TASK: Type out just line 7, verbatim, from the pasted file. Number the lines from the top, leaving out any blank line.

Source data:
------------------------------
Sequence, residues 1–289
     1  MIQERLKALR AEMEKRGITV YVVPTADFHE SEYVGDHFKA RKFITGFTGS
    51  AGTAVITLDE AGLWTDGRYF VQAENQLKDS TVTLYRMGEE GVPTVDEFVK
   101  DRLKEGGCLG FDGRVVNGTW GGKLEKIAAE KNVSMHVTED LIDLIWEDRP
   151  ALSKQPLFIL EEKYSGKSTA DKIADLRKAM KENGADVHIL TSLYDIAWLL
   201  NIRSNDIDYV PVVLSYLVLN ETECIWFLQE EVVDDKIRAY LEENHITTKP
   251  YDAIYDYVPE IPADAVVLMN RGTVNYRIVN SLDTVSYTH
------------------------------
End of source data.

   251  YDAIYDYVPE IPADAVVLMN RGTVNYRIVN SLDTVSYTH